- LED high bay lighting vs high pressure sodium (HPS) lights: HPS lights are often used in warehouse, industrial, business, and recreational facilities where high bay lighting is appropriate. Their benefits include cheap selling price, high energy efficiency (low operating costs), and relatively long lifespans. HPS lighting technology retains these advantages over most conventional bulbs, but they lose on all three counts to LED high bay lighting. The downsides of HPS bulbs include the worst color rendering on the market and a warm up period. Read more about LED vs High Pressure and Low Pressure Sodium.
- Industrial LED lighting vs fluorescent lighting: Though somewhat less common, fluorescent lighting is sometimes utilized in warehouse or industrial applications (primarily T12, T8, and T5 lights). The benefits of fluorescent lights include cheaper initial costs and relatively high efficiency (especially when compared to other conventional bulbs). Downsides include the presence of toxic mercury (which requires certain waste disposal procedures), decreased lifetime if switched on and off frequently, and requiring a ballast to stabilize the light. Read more about LED vs Fluorescent Lighting.
What are three major benefits of using LED lighting technology for all applications?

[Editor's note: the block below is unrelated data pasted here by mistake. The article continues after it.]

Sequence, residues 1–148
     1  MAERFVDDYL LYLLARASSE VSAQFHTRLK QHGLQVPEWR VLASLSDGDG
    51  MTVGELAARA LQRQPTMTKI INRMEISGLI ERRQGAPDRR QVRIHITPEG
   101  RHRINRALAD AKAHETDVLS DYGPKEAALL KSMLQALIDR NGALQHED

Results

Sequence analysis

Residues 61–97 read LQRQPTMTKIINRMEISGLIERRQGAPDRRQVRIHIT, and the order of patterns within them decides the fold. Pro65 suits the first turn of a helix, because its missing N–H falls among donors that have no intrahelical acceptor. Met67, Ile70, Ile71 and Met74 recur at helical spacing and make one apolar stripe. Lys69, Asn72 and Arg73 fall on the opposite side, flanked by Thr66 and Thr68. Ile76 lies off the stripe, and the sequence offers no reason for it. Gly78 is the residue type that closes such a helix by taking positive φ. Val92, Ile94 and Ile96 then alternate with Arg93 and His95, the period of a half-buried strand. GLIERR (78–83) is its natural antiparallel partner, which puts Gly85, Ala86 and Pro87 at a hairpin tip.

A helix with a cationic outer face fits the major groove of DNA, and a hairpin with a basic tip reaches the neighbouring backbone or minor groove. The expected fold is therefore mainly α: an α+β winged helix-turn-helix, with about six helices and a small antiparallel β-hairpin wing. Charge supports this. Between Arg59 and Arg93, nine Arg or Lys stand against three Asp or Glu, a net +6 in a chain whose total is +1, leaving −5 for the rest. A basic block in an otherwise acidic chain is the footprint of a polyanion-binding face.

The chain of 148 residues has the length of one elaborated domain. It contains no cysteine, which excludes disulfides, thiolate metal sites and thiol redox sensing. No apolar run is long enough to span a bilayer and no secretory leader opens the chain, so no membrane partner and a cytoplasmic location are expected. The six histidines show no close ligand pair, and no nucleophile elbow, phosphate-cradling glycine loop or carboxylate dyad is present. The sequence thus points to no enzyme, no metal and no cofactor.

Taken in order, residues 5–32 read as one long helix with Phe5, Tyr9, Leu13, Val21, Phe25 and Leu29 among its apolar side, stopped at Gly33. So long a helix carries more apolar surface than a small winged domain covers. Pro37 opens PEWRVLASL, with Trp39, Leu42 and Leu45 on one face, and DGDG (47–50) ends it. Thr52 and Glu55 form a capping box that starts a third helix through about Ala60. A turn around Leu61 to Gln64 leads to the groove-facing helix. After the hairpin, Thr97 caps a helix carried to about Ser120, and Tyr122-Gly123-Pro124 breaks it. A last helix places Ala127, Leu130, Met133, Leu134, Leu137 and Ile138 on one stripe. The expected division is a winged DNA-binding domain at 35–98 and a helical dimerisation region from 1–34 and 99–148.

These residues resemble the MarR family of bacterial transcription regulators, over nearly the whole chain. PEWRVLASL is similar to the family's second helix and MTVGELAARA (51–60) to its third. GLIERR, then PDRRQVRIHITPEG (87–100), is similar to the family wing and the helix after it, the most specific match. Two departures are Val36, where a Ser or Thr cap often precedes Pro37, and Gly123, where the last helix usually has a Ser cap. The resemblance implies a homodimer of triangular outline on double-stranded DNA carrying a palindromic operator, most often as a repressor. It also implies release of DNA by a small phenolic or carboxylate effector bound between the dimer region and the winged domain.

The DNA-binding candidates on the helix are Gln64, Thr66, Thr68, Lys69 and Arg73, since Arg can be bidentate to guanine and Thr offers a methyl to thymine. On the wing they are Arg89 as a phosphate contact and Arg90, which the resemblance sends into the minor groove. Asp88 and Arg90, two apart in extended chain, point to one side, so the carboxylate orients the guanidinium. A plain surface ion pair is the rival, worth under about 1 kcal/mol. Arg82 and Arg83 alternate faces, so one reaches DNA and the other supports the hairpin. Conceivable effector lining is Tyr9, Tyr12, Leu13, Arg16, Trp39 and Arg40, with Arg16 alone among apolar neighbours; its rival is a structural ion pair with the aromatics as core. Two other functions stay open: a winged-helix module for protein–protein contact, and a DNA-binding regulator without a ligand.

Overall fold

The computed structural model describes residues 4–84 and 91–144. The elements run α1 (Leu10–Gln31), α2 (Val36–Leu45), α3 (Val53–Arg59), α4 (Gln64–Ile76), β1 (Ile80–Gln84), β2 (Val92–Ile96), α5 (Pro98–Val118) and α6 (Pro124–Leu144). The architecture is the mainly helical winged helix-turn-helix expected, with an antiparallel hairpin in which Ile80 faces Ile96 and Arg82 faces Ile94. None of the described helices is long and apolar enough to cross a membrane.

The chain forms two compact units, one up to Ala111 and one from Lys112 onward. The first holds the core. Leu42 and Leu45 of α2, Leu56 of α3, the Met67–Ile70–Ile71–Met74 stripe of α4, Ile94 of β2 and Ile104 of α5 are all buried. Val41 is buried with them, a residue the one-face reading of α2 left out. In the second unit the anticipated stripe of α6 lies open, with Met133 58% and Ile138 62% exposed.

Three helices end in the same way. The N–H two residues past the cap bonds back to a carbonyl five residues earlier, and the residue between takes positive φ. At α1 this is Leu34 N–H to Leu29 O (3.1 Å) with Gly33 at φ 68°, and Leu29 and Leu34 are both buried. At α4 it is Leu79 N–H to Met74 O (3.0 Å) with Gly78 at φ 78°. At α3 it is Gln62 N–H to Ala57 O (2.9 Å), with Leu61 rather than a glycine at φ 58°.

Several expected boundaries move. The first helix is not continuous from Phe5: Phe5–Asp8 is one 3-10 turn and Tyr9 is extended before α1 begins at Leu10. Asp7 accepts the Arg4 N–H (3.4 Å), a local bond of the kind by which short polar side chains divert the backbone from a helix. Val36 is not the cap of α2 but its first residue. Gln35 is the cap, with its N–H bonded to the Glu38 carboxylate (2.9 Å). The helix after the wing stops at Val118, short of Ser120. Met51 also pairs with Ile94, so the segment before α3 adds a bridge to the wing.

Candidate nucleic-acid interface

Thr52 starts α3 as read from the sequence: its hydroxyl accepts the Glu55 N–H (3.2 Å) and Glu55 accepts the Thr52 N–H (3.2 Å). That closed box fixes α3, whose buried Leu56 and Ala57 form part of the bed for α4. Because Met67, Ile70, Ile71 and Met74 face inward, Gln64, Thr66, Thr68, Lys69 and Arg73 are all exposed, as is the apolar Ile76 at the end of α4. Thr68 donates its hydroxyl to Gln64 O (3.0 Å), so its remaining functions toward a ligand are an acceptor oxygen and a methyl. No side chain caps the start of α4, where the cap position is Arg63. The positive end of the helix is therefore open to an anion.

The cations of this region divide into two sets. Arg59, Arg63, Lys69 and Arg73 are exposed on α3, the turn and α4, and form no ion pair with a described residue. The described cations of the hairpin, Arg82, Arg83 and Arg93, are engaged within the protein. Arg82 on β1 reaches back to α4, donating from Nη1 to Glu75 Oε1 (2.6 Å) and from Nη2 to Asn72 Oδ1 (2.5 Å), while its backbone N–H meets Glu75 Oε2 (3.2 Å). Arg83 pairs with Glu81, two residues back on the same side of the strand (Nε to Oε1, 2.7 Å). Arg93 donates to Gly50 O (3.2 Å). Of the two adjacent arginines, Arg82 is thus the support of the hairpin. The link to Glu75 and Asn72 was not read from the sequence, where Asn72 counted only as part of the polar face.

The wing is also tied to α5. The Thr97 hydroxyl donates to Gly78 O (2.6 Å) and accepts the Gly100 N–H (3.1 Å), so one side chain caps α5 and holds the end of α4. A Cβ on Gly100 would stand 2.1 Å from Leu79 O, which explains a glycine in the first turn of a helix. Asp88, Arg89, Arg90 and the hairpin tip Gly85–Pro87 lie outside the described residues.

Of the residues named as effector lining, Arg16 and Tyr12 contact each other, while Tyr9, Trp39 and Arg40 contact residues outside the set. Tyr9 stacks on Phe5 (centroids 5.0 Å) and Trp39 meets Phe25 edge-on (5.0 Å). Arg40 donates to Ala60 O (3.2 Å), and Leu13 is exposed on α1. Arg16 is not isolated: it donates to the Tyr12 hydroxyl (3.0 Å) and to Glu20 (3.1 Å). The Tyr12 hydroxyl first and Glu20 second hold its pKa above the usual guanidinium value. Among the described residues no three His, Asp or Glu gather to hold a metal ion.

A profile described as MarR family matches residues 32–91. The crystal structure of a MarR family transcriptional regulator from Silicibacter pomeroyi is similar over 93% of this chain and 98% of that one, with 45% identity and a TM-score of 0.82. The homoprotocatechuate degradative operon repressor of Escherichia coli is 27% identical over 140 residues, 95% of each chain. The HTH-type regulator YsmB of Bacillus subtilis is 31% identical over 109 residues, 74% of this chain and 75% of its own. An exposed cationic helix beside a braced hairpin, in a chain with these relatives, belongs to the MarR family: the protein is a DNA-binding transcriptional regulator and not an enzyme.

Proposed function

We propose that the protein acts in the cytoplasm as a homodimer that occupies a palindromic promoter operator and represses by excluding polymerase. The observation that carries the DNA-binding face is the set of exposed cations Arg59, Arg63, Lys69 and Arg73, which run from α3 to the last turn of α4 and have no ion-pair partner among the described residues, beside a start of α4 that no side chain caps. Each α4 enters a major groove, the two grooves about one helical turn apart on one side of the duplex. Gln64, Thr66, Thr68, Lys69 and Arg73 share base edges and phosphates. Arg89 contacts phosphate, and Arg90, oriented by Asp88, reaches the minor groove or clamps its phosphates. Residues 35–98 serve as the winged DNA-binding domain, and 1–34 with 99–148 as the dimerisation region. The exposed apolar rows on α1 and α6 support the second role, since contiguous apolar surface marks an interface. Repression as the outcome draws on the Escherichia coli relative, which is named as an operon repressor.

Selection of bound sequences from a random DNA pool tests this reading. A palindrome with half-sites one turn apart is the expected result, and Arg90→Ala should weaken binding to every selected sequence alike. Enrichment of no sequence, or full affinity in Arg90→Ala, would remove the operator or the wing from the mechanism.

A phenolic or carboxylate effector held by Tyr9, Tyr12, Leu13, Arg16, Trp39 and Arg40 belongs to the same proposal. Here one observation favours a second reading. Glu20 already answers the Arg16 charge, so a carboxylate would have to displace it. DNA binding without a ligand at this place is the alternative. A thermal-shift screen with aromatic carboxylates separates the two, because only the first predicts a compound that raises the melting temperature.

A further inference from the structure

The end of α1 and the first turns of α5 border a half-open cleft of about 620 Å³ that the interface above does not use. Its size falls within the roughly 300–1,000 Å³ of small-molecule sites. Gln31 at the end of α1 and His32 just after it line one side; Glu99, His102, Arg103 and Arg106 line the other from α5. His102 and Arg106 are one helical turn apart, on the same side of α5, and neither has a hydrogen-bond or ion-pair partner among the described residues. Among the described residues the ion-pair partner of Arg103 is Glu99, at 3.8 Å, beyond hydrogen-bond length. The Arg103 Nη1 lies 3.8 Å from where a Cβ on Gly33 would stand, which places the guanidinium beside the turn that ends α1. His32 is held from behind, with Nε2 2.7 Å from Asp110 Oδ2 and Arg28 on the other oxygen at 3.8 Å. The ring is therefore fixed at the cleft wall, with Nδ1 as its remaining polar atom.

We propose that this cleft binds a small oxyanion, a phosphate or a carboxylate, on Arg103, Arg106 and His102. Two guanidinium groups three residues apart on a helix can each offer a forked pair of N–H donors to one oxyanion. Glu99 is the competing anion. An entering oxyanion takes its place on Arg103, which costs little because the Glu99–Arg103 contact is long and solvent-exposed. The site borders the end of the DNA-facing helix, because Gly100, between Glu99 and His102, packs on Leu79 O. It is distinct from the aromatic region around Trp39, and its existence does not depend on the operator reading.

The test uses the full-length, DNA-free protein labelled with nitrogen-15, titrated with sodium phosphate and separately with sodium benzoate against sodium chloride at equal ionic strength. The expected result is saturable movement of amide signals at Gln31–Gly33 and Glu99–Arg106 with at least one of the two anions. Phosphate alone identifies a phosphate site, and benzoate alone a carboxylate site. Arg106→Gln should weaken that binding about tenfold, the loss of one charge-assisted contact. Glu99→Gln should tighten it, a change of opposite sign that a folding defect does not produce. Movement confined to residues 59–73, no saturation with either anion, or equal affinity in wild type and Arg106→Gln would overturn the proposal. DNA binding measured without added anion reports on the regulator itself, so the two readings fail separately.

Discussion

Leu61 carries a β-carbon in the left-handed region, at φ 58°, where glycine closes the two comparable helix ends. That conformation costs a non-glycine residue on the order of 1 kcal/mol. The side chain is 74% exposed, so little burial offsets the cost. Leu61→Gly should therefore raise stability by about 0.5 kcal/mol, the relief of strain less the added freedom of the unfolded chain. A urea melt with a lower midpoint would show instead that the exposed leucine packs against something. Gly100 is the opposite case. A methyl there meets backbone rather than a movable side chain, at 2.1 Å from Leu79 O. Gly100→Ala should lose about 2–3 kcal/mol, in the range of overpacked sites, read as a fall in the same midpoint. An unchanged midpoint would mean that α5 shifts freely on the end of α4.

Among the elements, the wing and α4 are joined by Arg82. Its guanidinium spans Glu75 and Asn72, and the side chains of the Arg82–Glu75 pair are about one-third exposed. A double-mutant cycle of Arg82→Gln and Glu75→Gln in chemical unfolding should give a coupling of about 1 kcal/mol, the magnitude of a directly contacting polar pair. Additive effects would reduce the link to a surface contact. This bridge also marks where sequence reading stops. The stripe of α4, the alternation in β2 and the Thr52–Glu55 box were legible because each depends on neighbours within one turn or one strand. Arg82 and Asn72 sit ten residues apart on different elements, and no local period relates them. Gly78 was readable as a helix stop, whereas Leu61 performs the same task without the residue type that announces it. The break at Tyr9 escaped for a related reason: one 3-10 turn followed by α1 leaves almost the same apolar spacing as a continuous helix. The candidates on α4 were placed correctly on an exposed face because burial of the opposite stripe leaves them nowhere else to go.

It’s no secret that LED lighting technology has surpassed the capabilities of conventional lighting in important ways. In addition to the considerations discussed above, there are three general benefits of LED lighting that apply to all lighting applications, not just high bay.
- Decreased maintenance requirements. As discussed above, LED lights have a lifespan that is four to forty times longer than conventional bulbs. This means fewer replacements for bulbs that wear out. LED lighting technology also generates light differently than typical fuel and filament lighting because it uses a diode instead (learn more in this blog). This means that there are fewer moving pieces to break and, consequently, fewer repairs or replacements. Maintenance is an especially important consideration when it comes to industrial lighting or warehouse lighting. Wall pack lighting most often has higher mounting heights, which means that changing a bulb requires, at a minimum, a ladder and, in some cases, specialized hydraulic lifts. All of this adds up in the form of maintenance, labor, and equipment costs. The lifespan of industrial LED lighting means that fixtures need to be changed much less often, which means savings for your bottom line.